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Notes:
An expanded version of this article was published in Search for Values: Ethics in Bahá'í Thought (Kalimat, 2004).

Can There Be Only One True Religion?:
Invited Commentary

by John Hick

published in Bahá'í Studies Review, 10, pages 1-6
London: Association for Baha'i Studies English-Speaking Europe, 2001
It might seem obvious that there can only be one true — or at least fully true — religion, since on a number of very important matters the teachings of the religions are not only different but mutually incompatible, so that if one is true it would seem that the others must be false. This assumption pervades most discussions of the relation between religions. It's an assumption that is common to people of almost all traditions, the only obvious exceptions being the Bahá'ís and the Jains, plus of course some individuals within each of the other traditions. Let us refer to this assumption as the only-one-true-religion thesis. It is strongly held by a large majority within my own tradition, which is Christianity. I believe, however, that it is due for reconsideration.

The first thing to note about the only-one-true-religion thesis is that it is bad news for us all. It does not of course follow from this that it is false. Bad news can, alas, be true. But let us notice at this point just how bad the situation is if the only-one-true-religion thesis is true. And let us also note, as aggravated badness, that even if it is false, if people nevertheless believe it and act on it, it is still very harmful.

If there can be only one true religion, the big question becomes: which of the world's religions is the true one? On this view each claims to be the one and only Truth, so that they are all in competition with one another, each regarding the others as either false or, at best, less true.

One consequence of this has been that conflicts between nations or peoples of different religions have been heightened and intensified by each side's conviction that it is either defending, or conquering, in the name of the Truth. This in spite of the fact that the original cause of the conflict has not usually been religious, but ethnic, political and/or economic. But religion has been exploited to validate the opposing causes; and if you believe that your side alone has the Truth, this can justify whatever actions may seem necessary. As Pascal said, "Men never do evil so completely and cheerfully as when they do it from religious conviction." And so young men have been motivated by their religion to be ready both to kill and to be killed for their faith. Chaplains provided by the churches or mosques or synagogues have assured them that the cause for which they are fighting is righteous and just. And not only have innumerable young lives been lost as a result, but also vast numbers of civilians on all sides have been slaughtered or oppressed, discriminated against or exploited in the name of God.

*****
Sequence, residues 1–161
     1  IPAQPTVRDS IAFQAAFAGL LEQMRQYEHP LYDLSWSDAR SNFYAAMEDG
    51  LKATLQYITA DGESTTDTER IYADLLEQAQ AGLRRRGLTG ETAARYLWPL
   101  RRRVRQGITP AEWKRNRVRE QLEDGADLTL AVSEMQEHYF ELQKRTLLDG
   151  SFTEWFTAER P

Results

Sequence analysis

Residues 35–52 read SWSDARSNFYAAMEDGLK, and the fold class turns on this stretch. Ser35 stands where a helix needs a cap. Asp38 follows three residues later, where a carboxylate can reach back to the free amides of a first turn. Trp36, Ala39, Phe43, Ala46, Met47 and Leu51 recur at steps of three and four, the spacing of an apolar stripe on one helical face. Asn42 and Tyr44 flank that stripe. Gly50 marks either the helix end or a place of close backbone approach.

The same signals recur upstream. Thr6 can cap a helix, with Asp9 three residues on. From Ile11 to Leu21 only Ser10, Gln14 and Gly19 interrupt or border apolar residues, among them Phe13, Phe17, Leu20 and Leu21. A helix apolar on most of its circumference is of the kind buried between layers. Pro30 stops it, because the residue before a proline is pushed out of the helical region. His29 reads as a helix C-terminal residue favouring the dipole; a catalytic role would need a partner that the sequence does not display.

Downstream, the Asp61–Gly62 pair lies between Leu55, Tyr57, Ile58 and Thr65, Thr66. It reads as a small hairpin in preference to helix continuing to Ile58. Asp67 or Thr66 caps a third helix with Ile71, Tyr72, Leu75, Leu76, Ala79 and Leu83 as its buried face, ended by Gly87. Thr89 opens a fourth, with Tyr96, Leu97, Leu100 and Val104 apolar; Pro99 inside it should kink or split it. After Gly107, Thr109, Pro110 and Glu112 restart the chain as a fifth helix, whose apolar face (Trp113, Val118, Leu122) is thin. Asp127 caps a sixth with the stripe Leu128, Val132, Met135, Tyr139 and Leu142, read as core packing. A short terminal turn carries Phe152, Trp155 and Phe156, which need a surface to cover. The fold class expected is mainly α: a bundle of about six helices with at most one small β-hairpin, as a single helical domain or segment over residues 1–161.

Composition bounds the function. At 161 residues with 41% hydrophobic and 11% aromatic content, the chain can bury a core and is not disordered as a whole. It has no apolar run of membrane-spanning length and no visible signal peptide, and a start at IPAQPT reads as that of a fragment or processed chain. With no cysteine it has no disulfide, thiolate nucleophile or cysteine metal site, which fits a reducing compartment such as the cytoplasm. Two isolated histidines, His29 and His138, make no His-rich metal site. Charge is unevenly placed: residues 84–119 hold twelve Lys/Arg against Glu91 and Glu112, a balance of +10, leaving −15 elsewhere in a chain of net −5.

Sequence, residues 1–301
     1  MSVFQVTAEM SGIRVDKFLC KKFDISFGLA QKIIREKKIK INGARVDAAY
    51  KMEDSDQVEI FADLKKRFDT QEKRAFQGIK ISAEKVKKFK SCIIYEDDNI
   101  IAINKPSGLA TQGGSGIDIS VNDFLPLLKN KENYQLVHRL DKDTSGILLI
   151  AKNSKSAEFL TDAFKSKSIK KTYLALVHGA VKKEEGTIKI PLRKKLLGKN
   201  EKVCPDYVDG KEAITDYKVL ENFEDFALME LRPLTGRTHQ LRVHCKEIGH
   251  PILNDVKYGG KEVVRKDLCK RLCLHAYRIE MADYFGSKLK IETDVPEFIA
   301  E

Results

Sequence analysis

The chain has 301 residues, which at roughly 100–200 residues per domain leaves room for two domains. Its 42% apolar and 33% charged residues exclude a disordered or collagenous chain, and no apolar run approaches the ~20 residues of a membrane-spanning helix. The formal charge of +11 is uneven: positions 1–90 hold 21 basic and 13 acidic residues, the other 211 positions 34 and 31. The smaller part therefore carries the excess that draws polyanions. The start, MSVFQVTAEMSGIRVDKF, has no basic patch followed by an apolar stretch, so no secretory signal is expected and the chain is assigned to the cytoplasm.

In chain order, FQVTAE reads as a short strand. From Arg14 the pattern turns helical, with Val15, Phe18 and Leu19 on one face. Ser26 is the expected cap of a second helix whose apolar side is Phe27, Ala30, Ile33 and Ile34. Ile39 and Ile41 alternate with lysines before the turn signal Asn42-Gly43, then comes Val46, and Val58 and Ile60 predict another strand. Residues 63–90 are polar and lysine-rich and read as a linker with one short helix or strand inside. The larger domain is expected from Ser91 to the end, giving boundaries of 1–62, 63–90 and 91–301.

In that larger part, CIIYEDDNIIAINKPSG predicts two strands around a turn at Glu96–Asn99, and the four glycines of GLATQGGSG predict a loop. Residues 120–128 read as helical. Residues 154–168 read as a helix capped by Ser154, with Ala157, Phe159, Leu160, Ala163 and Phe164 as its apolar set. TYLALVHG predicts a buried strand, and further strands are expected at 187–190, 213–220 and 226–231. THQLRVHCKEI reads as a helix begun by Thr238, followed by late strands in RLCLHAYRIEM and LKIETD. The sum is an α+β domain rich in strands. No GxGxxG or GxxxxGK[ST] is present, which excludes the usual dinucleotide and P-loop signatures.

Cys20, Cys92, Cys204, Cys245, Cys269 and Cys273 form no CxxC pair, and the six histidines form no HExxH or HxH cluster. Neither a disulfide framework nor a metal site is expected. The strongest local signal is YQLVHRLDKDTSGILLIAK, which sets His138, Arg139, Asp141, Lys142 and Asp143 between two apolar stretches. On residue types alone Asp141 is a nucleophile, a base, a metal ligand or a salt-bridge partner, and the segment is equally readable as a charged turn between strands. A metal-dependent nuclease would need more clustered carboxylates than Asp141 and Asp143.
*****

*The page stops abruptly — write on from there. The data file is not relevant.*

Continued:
In our own century major examples are the mutual Hindu, Muslim, and Sikh massacres in the Punjab after the partition of India in 1947; the violent repression of the black population of South Africa by white Calvinist Christians, who justified apartheid from the Bible; the generations of Catholic-Protestant conflict in Northern Ireland; the Orthodox Christian Serbian ethnic cleansing of Bosnia and Kosovo; the Jewish-Arab conflicts in Israel, Palestine and Lebanon — and here I would quote the chilling use of the Hebrew Bible by Yigal Amir, the young Jewish man who assassinated Yitzak Rabin, the peace-making Prime Minister of Israel, in 1995. At his trial Yigal Amir said that hewould have no problem killing babies and children as it is written in the Book of Joshua, in the name of conquering the land for Israel. In short, religion, with its aura of holiness, is exploited in every conflict and made to play a truly demonic role in world affairs.

That is one very negative consequence of the only-one-true-religion thesis. Another negative consequence, of a different kind, occurs in inter-faith dialogue. Suppose that, let us say, a Christian and a Muslim are engaging in religious discussion, and let us suppose that each is being personally courteous and friendly. But let us also suppose that each believes that there can only be one true religion which is — naturally — his or her own. Each is then speaking, he or she believes, from a religiously superior position — the position of one who has the full truth to one who has only a lesser truth. Each will politely refrain from saying this, but nevertheless that is the reality as each sees it. This is not, then, for either of them a discussion between equals. For each stands, in their own eyes, on a higher level than the other. That, to my mind, is a negative consequence of the only-one-true-religion thesis.